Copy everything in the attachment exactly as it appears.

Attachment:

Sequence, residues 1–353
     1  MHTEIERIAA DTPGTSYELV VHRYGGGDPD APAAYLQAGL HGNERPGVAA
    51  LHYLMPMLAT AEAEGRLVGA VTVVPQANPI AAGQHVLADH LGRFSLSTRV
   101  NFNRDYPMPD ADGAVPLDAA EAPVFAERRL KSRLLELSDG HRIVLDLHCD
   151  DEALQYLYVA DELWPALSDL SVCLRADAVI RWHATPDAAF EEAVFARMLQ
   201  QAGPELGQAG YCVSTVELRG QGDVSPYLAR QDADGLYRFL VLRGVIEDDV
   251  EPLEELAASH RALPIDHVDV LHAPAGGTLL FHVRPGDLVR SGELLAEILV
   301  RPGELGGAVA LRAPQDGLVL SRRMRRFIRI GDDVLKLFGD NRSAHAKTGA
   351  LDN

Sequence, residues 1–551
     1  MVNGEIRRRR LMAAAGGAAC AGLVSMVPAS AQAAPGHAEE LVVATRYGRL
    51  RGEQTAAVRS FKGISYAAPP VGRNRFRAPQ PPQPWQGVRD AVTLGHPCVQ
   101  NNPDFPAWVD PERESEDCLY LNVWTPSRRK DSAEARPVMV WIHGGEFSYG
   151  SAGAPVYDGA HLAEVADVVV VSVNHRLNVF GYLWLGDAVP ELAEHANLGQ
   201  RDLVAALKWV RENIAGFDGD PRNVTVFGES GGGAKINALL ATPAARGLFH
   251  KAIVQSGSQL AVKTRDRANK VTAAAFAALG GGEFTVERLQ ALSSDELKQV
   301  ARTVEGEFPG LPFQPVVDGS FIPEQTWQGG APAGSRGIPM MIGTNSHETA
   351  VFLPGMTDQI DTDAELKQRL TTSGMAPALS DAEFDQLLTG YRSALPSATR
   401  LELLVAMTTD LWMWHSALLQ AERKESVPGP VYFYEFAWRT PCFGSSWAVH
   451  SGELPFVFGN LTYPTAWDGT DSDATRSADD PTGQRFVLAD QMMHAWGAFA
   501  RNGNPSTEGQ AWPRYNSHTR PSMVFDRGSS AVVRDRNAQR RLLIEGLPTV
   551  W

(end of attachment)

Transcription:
Sequence, residues 1–353
     1  MHTEIERIAA DTPGTSYELV VHRYGGGDPD APAAYLQAGL HGNERPGVAA
    51  LHYLMPMLAT AEAEGRLVGA VTVVPQANPI AAGQHVLADH LGRFSLSTRV
   101  NFNRDYPMPD ADGAVPLDAA EAPVFAERRL KSRLLELSDG HRIVLDLHCD
   151  DEALQYLYVA DELWPALSDL SVCLRADAVI RWHATPDAAF EEAVFARMLQ
   201  QAGPELGQAG YCVSTVELRG QGDVSPYLAR QDADGLYRFL VLRGVIEDDV
   251  EPLEELAASH RALPIDHVDV LHAPAGGTLL FHVRPGDLVR SGELLAEILV
   301  RPGELGGAVA LRAPQDGLVL SRRMRRFIRI GDDVLKLFGD NRSAHAKTGA
   351  LDN

Sequence, residues 1–551
     1  MVNGEIRRRR LMAAAGGAAC AGLVSMVPAS AQAAPGHAEE LVVATRYGRL
    51  RGEQTAAVRS FKGISYAAPP VGRNRFRAPQ PPQPWQGVRD AVTLGHPCVQ
   101  NNPDFPAWVD PERESEDCLY LNVWTPSRRK DSAEARPVMV WIHGGEFSYG
   151  SAGAPVYDGA HLAEVADVVV VSVNHRLNVF GYLWLGDAVP ELAEHANLGQ
   201  RDLVAALKWV RENIAGFDGD PRNVTVFGES GGGAKINALL ATPAARGLFH
   251  KAIVQSGSQL AVKTRDRANK VTAAAFAALG GGEFTVERLQ ALSSDELKQV
   301  ARTVEGEFPG LPFQPVVDGS FIPEQTWQGG APAGSRGIPM MIGTNSHETA
   351  VFLPGMTDQI DTDAELKQRL TTSGMAPALS DAEFDQLLTG YRSALPSATR
   401  LELLVAMTTD LWMWHSALLQ AERKESVPGP VYFYEFAWRT PCFGSSWAVH
   451  SGELPFVFGN LTYPTAWDGT DSDATRSADD PTGQRFVLAD QMMHAWGAFA
   501  RNGNPSTEGQ AWPRYNSHTR PSMVFDRGSS AVVRDRNAQR RLLIEGLPTV
   551  W